The latest indication of just how much control the hard-left has in the Biden administration was seen on Friday with the first-ever presidential proclamation of Indigenous Peoples’ Day — a move that caught many people by surprise.
The day will be observed along with Columbus Day, which was established as a federal holiday by Congress. And much like the left push a second national anthem on America in the form of the song “Lift Every Voice and Sing,” which is often referred to as the black national anthem, Biden issued two proclamations Friday.
“Our country was conceived on a promise of equality and opportunity for all people — a promise that, despite the extraordinary progress we have made through the years, we have never fully lived up to,” President Biden declared. “That is especially true when it comes to upholding the rights and dignity of the Indigenous people who were here long before colonization of the Americas began. For generations, Federal policies systematically sought to assimilate and displace Native people and eradicate Native cultures. Today, we recognize Indigenous peoples’ resilience and strength as well as the immeasurable positive impact that they have made on every aspect of American society.”
He would also “recommit to supporting a new, brighter future of promise and equity for Tribal Nations.”
In a separate proclamation on Columbus Day, Biden wrote, “Today, we also acknowledge the painful history of wrongs and atrocities that many European explorers inflicted on Tribal Nations and Indigenous communities. It is a measure of our greatness as a Nation that we do not seek to bury these shameful episodes of our past — that we face them honestly, we bring them to the light, and we do all we can to address them.”
Sen. Elizabeth “Pocahontas” Warren, D-Mass., the nation’s most notorious now-former indigenous person, marked Indigenous Peoples’ Day with a tweet Monday.
I’m glad to stand with tribal nations and Native communities as we celebrate their remarkable contributions, cultures, and resilience on #IndigenousPeoplesDay. It’s time the federal government also honors its promises to Native peoples.
— Elizabeth Warren (@SenWarren) October 11, 2021
Taking their lead from the White House, college campuses across the country took steps to acknowledge and celebrate Indigenous Peoples’ Day, with a common theme being schools declaring that they sit on stolen land.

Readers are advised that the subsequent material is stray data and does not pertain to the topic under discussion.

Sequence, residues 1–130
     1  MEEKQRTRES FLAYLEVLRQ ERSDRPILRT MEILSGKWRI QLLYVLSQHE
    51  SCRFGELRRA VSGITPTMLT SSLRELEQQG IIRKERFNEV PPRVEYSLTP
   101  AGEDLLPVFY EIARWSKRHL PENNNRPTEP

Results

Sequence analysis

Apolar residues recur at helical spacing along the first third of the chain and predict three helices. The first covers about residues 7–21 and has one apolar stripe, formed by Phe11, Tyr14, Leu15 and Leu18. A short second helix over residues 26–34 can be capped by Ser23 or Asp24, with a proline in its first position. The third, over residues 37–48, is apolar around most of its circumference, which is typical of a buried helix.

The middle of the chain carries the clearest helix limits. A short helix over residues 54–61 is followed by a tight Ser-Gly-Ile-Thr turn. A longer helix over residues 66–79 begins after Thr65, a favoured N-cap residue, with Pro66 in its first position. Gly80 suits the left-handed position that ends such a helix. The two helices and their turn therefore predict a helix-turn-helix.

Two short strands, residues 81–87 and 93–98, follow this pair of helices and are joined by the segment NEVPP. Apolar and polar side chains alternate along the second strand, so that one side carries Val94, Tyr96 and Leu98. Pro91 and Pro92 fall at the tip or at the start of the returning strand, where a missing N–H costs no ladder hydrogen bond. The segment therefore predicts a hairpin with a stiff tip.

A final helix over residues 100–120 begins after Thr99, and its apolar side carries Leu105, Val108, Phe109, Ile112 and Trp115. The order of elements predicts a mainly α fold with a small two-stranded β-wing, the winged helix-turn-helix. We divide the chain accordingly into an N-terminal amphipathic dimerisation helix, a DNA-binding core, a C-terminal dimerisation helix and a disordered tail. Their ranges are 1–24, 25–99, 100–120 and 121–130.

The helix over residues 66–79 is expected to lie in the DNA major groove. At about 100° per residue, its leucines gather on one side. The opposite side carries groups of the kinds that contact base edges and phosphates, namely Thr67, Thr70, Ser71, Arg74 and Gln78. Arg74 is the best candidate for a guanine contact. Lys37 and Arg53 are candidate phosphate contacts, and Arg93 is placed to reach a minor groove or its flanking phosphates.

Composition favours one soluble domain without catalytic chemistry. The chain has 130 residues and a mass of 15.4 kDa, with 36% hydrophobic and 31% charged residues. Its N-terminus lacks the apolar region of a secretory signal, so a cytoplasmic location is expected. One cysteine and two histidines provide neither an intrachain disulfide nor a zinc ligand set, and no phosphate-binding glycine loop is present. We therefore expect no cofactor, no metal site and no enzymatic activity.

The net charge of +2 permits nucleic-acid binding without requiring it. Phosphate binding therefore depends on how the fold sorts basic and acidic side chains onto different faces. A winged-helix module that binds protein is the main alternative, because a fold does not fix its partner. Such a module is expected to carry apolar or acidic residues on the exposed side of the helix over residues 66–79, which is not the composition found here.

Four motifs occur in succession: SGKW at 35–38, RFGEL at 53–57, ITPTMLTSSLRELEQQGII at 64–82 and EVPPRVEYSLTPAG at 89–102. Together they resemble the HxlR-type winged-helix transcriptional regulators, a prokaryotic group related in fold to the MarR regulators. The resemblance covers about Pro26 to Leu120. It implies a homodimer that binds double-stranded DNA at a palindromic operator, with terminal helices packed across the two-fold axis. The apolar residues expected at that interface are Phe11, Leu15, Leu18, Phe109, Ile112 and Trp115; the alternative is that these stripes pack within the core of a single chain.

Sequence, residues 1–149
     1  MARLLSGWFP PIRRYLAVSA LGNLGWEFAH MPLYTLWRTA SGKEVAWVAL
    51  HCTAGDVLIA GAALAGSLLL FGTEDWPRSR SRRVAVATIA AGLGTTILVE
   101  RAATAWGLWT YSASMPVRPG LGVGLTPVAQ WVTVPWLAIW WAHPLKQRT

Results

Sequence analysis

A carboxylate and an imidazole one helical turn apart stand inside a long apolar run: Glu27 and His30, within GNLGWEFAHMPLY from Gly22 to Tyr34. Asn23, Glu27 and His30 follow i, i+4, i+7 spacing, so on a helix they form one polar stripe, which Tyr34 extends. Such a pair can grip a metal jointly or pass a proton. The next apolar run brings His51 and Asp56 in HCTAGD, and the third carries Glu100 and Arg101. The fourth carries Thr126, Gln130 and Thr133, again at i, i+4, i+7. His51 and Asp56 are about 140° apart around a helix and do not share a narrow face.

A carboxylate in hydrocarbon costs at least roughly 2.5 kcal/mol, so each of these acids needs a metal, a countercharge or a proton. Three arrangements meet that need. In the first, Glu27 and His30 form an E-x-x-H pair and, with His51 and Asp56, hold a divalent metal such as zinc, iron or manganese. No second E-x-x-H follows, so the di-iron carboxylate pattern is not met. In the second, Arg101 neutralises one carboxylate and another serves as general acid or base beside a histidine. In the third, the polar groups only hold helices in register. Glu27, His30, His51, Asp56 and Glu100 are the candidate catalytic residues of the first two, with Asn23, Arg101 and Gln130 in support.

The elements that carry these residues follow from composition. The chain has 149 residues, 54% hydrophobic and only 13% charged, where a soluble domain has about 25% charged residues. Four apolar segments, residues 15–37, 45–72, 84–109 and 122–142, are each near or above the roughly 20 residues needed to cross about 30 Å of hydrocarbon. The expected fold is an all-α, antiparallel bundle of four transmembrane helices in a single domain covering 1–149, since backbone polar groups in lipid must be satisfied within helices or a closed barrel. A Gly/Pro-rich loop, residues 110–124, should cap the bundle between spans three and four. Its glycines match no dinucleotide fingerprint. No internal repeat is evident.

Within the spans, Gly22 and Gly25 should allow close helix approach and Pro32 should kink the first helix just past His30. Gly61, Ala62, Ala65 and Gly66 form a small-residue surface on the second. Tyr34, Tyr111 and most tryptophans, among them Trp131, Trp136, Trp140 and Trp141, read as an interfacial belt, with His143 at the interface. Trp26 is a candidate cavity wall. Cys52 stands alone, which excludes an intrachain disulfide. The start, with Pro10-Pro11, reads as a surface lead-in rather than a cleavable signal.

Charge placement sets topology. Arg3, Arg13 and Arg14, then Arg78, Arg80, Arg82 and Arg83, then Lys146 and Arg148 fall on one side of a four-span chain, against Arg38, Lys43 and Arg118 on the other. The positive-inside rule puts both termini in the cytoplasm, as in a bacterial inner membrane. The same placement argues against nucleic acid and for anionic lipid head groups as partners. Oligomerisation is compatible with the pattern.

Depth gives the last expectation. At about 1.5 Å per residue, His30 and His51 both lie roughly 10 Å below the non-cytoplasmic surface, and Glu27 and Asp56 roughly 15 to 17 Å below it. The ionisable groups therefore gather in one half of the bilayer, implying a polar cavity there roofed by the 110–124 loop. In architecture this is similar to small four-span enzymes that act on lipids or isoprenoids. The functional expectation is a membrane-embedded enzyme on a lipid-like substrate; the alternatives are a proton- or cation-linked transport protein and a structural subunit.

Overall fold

Monday, Oct. 11 will mark Indigenous Peoples Day in Wisconsin. It is an important day to acknowledge that the land our university and school stands on is ancestral Ho-Chunk land and recognize the contributions of Native communities. Take action and learn more by attending events:
— UW-Madison MMI (@UWMadisonMMI) October 7, 2021
In honor of Indigenous Peoples’ Day, we pause to acknowledge the Ongwehoweh, the Original People, of the land upon which Juniata College now sits: We acknowledge that we are gathered on lands of the Onöñda’gaga, the Oneida Nation. pic.twitter.com/fks63YMmjq
— Juniata College (@juniatacollege) October 11, 2021
Here are but a few of the many other tweets from colleges and universities:
There’s only two weeks left to visit Away From Home: American Indian Boarding School Stories.
As a reminder, we’ll be hosting a free day on Mon., Oct. 11th for Indigenous Peoples’ Day from 11AM – 4PM. Also, @notjustbooks will be hosting a story time at the museum at 11. pic.twitter.com/6rgCvkmOXJ
— Dennos Museum Center (@TheDennos) October 6, 2021
— Boston University (@BU_Tweets) October 10, 2021
Merrimack College will be closed and no classes will be held today, Monday, Oct. 11, in honor of Indigenous Peoples’ Day, and tomorrow, Tuesday, Oct. 12, for Fall Break. pic.twitter.com/BzAaQZusB1
— Merrimack College (@Merrimack) October 11, 2021
Harvard Chan School would like to acknowledge #IndigenousPeoplesDay. We realize people may be spending today in different ways; for some it’s a day of mourning, for some it’s a day of celebration and resilience, and for some it’s a day committed to learning, awareness & action. pic.twitter.com/gPe3rS0JDN
— HarvardPublicHealth (@HarvardChanSPH) October 11, 2021
Indigenous Peoples Day. A Ho-Chunk drum circle performs
during a land acknowledgment ceremony at Madison College’s Commercial Ave. campus. A second ceremony is scheduled for 11:30 a.m. today at the Truax campus. It’s free and open to the public. pic.twitter.com/C2qZhzq1X5
— Madison College News (@MadCollNews) October 11, 2021
Meanwhile, in the Bahamas:
Man in the Bahamas destroys a Columbus statue with a sledgehammer.
— Fifty Shades of Whey (@davenewworld_2) October 11, 2021
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